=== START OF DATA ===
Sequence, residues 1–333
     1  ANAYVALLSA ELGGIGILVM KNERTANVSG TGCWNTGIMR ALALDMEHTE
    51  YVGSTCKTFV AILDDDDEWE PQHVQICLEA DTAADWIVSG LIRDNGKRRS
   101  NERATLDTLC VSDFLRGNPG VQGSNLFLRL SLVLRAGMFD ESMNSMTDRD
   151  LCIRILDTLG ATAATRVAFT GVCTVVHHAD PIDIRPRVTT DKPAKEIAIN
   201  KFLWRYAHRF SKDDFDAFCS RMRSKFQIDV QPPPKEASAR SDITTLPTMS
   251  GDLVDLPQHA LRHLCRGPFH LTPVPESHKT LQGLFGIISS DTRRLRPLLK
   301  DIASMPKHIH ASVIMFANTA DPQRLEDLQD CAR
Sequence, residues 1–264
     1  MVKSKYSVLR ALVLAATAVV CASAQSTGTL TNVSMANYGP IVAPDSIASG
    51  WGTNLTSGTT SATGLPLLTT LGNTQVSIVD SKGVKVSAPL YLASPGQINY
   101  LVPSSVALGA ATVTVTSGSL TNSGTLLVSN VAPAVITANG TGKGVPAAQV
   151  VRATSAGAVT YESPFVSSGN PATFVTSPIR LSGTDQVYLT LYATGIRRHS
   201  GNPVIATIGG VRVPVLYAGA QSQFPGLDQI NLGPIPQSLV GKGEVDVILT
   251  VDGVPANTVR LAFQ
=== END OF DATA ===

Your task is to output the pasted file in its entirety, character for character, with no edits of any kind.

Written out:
Sequence, residues 1–333
     1  ANAYVALLSA ELGGIGILVM KNERTANVSG TGCWNTGIMR ALALDMEHTE
    51  YVGSTCKTFV AILDDDDEWE PQHVQICLEA DTAADWIVSG LIRDNGKRRS
   101  NERATLDTLC VSDFLRGNPG VQGSNLFLRL SLVLRAGMFD ESMNSMTDRD
   151  LCIRILDTLG ATAATRVAFT GVCTVVHHAD PIDIRPRVTT DKPAKEIAIN
   201  KFLWRYAHRF SKDDFDAFCS RMRSKFQIDV QPPPKEASAR SDITTLPTMS
   251  GDLVDLPQHA LRHLCRGPFH LTPVPESHKT LQGLFGIISS DTRRLRPLLK
   301  DIASMPKHIH ASVIMFANTA DPQRLEDLQD CAR
Sequence, residues 1–264
     1  MVKSKYSVLR ALVLAATAVV CASAQSTGTL TNVSMANYGP IVAPDSIASG
    51  WGTNLTSGTT SATGLPLLTT LGNTQVSIVD SKGVKVSAPL YLASPGQINY
   101  LVPSSVALGA ATVTVTSGSL TNSGTLLVSN VAPAVITANG TGKGVPAAQV
   151  VRATSAGAVT YESPFVSSGN PATFVTSPIR LSGTDQVYLT LYATGIRRHS
   201  GNPVIATIGG VRVPVLYAGA QSQFPGLDQI NLGPIPQSLV GKGEVDVILT
   251  VDGVPANTVR LAFQ